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Low airfares keep family aloft
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Low airfares keep family aloft

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GREENSBORO — To most folks, the Airbus A319 with the butterfly on the tail is just another jet plane.

To Ken Calhoun, a professor at Elon University, it’s a way to balance family and career.

Cheaply.

Calhoun snapped up — or rather, clicked on — 14 $10 flights in and out of Greensboro’s Piedmont Triad International Airport when discount airline Skybus put the tickets on sale at its Web site last week.

The cheap flights will help Calhoun, his wife and daughter build a 750-mile bridge in their long-distance relationship.

“We were wondering how we were going to afford this much travel,” Calhoun said. “It’s been a Godsend, really.”

Calhoun is the kind of customer Skybus and PTI are looking for: Someone who needs to fly often but cannot spend a fortune on tickets.

Skybus, a discount airline based in Columbus, Ohio, announced plans last week to open a second hub at PTI starting in January.

“We don’t have goals set strictly on business travelers or families or any one particular group,” said Ted Johnson, PTI’s executive director. “Anyone who can get a decent rate flying out of PTI, that’s who we’re looking for.”

To collect on a nearly $57 million incentives package, Skybus must attract at least 500,000 new passengers per year. About 1.1 million people flew out of PTI last year.

That’s where bargain hunters like Calhoun come in.

Skybus plans to offer 11 daily, nonstop flights from PTI by the end of February. The first 10 seats on each flight go for $10 and then rise from there.

Calhoun is in his first semester teaching in Elon’s school of communications after working for years at a Raleigh-based media company. He lives in Durham with his 12-year-old daughter, Sophie.

His wife, Anya Belkina, left Duke University after seven years and is in her first semester teaching 3-D animation classes at Emerson College in Boston, Mass.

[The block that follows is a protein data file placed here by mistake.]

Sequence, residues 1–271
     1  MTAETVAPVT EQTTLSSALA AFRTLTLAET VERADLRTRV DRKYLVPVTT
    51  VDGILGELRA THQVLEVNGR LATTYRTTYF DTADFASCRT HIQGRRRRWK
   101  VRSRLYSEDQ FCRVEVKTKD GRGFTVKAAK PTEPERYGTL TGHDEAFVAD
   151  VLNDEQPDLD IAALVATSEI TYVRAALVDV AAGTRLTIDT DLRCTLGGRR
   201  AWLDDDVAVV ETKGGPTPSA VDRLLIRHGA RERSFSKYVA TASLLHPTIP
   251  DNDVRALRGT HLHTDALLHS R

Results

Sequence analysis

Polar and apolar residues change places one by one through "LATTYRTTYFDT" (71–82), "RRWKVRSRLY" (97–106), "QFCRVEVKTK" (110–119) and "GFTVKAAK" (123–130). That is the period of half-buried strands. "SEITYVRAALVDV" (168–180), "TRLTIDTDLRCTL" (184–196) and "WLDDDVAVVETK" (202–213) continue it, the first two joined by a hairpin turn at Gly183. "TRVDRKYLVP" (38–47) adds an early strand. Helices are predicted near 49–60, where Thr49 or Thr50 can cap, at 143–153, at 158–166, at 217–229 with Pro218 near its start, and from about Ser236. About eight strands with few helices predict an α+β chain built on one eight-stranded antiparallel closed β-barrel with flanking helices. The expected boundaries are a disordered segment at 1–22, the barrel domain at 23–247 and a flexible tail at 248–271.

The career opportunities were too good to pass up, Calhoun said, but they created a new set of challenges for the family.

“It was a very difficult decision for us to make,” Belkina said. “Trying to find an academic situation for both parents is tough enough, and then to find jobs so far apart ... what Skybus is doing is further liberating us in choosing our careers and the future for our child.

“Our daughter can grow up in this era of transition. She can have a lot of fun and a lot of adventures because she can grow up in two places.”

The family uses online tools to communicate several times a day.

They even have family meals together, Belkina said, by sitting down to eat with Internet-connected laptop computers at the table.

“But there’s no substitute for the real thing,” Calhoun said. “For us, the cheap tickets answered a need that we had to bring our family together every two weeks. That was our goal when we took the jobs. That was the rhythm we wanted to establish. These flights are allowing us to maintain that rhythm.”

Calhoun says picking the plane with the butterfly on the tail was an easy choice — so easy he booked more tickets later in the week, even though all the $10 seats were sold out.

“It was still cheaper than other airlines,” he said. “I’m almost reluctant to spread the word about this. It’s such a good deal, I don’t want to share.”

Contact Jeff Mills at 373-7089 or jmills@news-record.com

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